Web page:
The House of Representative’s Standing Committee on the Environment and Energy has released its report “on the circumstances and prerequisites necessary for any future government’s consideration of nuclear energy generation.”
The majority report, written by Coalition MPs, is predictably pro-nuclear and calls for a partial, conditional repeal of legislation banning nuclear power in Australia. Labor’s dissenting report supports retention of the ban.
A point of interest was the position that Zali Steggall, independent MP for Warringa, would take. We expected Ms. Steggall to be critical of the pro-nuclear propaganda presented to the inquiry (and indeed she is highly critical) but weren’t sure whether she would support maintaining the legal ban.
Steggall states in her dissenting report that she does not support repealing the legal ban, and repeatedly refers to the pro-nuclear bias in the majority Coalition report:
“Substantial evidence both for and against lifting the moratorium on nuclear energy was received, yet the report overwhelmingly refers to evidence in support. In so doing, the Report overstates benefits and understates risks of the technology. …
“I agree with paragraph 1.9 in the Report which states that: ‘Australia should be goal-oriented in seeking to deliver affordable and reliable energy while fulfilling its international emissions reduction obligations.’ However, there have been several misrepresentations throughout the Report that overstate nuclear energy’s ability to meet these goals, particularly in comparison to other technologies. …
“The Report does not accurately reflect the evidence received on affordability and economics. It is unlikely that new nuclear will be able to compete with renewables without any kind of timeframe it could be operational in Australia, especially given the rate of price deflation of renewables. …
“There is no doubt Australia needs to decarbonise its energy supply. The long development times of nuclear, canvassed in the Report as between ten and twenty years, mean it is ill-suited to the decarbonisation of the energy sector that is required. There is a risk that by focusing on future technologies like SMRs we may be leaving decarbonisation too late.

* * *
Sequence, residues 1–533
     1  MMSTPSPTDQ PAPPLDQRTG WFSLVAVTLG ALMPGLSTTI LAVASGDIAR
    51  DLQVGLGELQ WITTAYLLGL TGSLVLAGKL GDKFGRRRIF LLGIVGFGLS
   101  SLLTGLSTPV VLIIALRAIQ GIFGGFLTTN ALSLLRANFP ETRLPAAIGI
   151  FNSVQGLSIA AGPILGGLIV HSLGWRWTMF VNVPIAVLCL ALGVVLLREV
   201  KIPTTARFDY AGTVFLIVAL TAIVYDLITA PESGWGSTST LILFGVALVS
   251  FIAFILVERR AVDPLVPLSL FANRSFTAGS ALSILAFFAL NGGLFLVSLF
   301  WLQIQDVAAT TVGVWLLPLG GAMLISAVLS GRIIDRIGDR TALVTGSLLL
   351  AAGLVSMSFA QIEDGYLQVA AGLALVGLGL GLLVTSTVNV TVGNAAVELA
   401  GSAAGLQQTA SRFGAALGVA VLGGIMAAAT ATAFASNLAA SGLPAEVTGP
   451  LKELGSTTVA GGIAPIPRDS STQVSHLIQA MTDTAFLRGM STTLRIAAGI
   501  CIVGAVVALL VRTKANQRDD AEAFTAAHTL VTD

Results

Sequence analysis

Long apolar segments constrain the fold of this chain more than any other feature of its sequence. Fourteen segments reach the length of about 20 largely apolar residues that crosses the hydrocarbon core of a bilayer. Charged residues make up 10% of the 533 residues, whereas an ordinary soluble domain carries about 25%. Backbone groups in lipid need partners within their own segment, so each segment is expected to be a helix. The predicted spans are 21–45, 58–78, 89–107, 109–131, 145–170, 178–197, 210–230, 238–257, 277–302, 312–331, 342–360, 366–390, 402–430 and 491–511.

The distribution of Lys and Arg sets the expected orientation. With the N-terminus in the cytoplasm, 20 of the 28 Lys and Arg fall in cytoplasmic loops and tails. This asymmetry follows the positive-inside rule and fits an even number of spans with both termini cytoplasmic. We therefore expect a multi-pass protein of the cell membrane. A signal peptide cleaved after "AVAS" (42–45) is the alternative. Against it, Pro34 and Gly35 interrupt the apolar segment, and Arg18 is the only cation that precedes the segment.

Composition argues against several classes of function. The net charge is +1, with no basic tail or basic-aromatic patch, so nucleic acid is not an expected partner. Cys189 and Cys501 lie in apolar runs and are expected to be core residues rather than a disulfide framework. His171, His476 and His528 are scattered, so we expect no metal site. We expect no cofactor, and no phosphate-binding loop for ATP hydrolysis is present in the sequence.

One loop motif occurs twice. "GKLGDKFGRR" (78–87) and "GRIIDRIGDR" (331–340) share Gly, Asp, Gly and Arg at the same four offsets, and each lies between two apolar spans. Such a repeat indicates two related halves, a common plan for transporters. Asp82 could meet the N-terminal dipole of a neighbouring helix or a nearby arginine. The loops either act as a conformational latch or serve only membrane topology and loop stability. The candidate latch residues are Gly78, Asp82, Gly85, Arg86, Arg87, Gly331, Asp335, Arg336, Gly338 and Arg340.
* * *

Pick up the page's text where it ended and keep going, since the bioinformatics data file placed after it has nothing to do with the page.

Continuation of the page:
“Lifting the moratorium and considering nuclear energy distracts from current and emerging technologies. It does not make sense when Australia has the potential to be an energy superpower with renewables and hydrogen.”
Steggall tried but failed to get Coalition MPs to agree to this recommendation: ‘The Committee recommends that the Australian Government legislate a Net Zero emissions target by 2050.’ Opposition MPs agreed to the proposed recommendation but they might struggle to get federal Labor to adopt it as binding policy.
Coalition lunatics in charge of the asylum
The key recommendation of the majority Coalition report is as follows:
“The Committee recommends that the Australian Government allow partial and conditional consideration of nuclear energy technology by:
- maintaining its moratorium on nuclear energy in relation to Generation I, Generation II and Generation III nuclear technology; and
- lifting its moratorium on nuclear energy in relation to Generation III+ and Generation IV nuclear technology including small modular reactors, subject to the results of a technology assessment and a commitment to community consent as a condition of approval.”
All the nonsense about Generation 3+/4 nuclear technology and small modular reactors (SMRs) was considered by the stridently pro-nuclear SA Nuclear Fuel Cycle Royal Commission, which concluded in its final report in 2016: